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Weirdly, despite the park being open, launching a mission loads up a separate instance of the park. That means that there is a teeny, tiny bit of loading time before and after each mission, which seemed both unnecessary and out of place. On top of that, if a player is skating in a private lobby, upon returning from a mission, he or she will be in the public lobby, filled with other players. I looked through the options, and found no way to fix this, besides simply shutting off my network connection in the PlayStation 4’s settings.
Unfortunately, while loading the missions is annoying, playing them can be even worse. See, Pro Skater 5 is still the combo-driven, point-getting game that past Tony Hawk games were, but something seems deeply off about it, which I blame on the game’s physics. It’s tough to explain without actually seeing it, but at times my character seemed to fall over for no reason, or somehow landed a trick even though he was literally about to smash his head into the floor. Or, at times I was able to perform complex tricks without even moving forward, meaning I just stood in one place, jumping and doing tricks. Everything seemed off, and I never could be sure if I would wipe out for some unknown reason, or do well for another weird reason.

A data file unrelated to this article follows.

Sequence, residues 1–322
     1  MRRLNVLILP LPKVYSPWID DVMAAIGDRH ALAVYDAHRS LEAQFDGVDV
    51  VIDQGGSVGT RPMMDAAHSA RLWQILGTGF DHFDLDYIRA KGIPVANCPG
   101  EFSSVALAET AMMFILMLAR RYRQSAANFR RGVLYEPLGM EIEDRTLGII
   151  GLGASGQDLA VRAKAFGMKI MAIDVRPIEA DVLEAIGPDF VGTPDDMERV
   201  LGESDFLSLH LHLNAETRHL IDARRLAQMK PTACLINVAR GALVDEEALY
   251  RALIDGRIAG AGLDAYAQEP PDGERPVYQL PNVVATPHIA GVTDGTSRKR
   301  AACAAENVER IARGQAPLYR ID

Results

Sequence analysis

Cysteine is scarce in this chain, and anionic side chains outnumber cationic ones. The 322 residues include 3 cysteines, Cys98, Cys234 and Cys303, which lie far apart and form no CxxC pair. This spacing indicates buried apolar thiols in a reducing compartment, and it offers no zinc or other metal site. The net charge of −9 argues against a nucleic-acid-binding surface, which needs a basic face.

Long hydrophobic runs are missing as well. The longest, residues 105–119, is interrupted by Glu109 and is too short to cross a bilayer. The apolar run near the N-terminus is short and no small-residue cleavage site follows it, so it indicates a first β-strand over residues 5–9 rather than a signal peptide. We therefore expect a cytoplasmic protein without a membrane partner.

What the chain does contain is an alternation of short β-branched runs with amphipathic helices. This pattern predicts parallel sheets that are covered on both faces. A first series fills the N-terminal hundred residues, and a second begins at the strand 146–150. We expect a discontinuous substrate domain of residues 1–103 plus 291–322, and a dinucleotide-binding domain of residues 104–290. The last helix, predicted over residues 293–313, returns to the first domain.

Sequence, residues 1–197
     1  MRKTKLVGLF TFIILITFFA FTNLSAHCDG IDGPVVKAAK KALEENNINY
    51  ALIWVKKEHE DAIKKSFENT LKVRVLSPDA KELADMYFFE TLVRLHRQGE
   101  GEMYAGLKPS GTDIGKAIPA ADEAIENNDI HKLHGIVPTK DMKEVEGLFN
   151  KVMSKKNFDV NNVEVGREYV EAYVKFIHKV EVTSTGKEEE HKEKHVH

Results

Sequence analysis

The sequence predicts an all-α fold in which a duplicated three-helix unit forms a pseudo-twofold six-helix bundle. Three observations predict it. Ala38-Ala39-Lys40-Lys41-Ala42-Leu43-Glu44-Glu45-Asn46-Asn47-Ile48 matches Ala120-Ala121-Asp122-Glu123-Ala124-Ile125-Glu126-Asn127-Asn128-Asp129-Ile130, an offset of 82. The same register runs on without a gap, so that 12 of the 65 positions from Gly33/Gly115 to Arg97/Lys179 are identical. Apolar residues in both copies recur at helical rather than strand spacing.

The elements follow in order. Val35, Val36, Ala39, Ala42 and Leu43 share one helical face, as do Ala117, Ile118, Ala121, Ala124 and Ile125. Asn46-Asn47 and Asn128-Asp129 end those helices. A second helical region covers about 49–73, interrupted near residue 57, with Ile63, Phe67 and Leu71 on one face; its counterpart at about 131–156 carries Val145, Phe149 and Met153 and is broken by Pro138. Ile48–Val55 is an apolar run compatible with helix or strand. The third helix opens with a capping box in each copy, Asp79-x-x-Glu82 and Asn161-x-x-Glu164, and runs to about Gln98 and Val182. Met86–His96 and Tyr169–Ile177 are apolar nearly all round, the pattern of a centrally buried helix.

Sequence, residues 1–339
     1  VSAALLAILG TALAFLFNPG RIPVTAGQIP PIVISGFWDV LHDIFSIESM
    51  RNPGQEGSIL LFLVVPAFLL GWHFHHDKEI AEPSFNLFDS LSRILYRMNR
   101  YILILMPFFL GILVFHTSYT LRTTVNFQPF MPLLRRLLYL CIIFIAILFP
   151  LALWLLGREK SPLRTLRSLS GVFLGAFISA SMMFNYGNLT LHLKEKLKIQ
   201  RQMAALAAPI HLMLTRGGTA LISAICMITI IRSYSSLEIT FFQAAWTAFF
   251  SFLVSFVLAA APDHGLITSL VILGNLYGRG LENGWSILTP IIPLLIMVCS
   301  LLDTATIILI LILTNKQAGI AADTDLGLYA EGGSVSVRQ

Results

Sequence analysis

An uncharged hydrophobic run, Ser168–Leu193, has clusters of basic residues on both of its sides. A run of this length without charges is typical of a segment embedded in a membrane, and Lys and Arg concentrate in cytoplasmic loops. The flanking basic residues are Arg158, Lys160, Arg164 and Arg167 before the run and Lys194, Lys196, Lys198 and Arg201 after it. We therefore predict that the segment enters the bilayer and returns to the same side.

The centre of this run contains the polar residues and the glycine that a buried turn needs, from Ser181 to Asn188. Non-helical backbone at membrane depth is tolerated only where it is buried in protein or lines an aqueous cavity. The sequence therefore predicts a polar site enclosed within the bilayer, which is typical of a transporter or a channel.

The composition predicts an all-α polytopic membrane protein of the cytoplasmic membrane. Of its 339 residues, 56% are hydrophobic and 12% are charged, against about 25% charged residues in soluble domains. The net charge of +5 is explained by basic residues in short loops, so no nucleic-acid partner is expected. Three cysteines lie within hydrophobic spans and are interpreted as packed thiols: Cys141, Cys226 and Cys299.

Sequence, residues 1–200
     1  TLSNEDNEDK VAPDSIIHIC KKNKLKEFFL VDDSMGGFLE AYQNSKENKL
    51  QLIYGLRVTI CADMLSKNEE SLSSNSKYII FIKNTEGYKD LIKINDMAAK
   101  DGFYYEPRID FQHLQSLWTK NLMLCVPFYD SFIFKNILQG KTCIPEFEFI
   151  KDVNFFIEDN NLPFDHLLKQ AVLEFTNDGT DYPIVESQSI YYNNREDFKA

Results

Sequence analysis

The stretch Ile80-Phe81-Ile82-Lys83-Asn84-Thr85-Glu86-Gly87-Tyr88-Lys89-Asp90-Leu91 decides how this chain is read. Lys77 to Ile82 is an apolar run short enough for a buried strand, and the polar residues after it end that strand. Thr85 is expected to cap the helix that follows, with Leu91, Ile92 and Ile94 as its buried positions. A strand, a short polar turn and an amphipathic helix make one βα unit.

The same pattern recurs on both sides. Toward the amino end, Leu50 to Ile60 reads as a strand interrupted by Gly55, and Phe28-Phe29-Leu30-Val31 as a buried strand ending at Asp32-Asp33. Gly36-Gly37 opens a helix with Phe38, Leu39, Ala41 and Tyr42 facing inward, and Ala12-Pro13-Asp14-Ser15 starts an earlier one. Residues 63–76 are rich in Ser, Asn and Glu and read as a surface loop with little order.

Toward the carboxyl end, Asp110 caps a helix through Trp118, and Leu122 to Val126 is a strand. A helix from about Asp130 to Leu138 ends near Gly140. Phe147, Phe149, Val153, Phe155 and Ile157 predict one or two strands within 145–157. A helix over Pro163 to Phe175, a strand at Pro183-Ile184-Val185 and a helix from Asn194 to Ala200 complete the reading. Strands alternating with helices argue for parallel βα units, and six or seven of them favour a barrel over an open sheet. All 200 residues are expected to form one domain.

Amazingly, even though the game’s graphics resemble some type of cross between a PS2, PS3, and PS Vita game, it still ran poorly. While I didn’t encounter any bugs at all, despite playing for hours upon hours, the frames-per-second constantly dipped for almost no reason at all. I’m talking about incredibly frustrating frame-rate lags that kept popping up throughout my time with the game that made the graphics worse than they looked, which is saying something.
Besides slightly resembling better and more entertaining Tony Hawk titles, the only other good thing about Pro Skater 5 is the character customization. While the create a character option is annoying hidden deep in the character menu, it does allow for players to earn and unlock different heads, bodies, and boards. I experimented with these for a while, making a monkey with a policeman’s body, or an alien with a female human’s body, or just some cool hipster with a cool, hipster skateboard. There are tons of possibilities, as long as you unlock content by playing the game, and they do actually add a fun component to the title.
However, despite the fun character customizations, Tony Hawk’s Pro Skater 5 suffers from a number of issues, including laggy multiplayer, dipping frame-rates, and off-putting physics. Sorry, Tony, but nostalgia can’t save you this time.
Review copy for Tony Hawk’s Pro Skater 5 provided by publisher. Reviewed on PlayStation 4. For more information on scoring, please read our Review Policy here.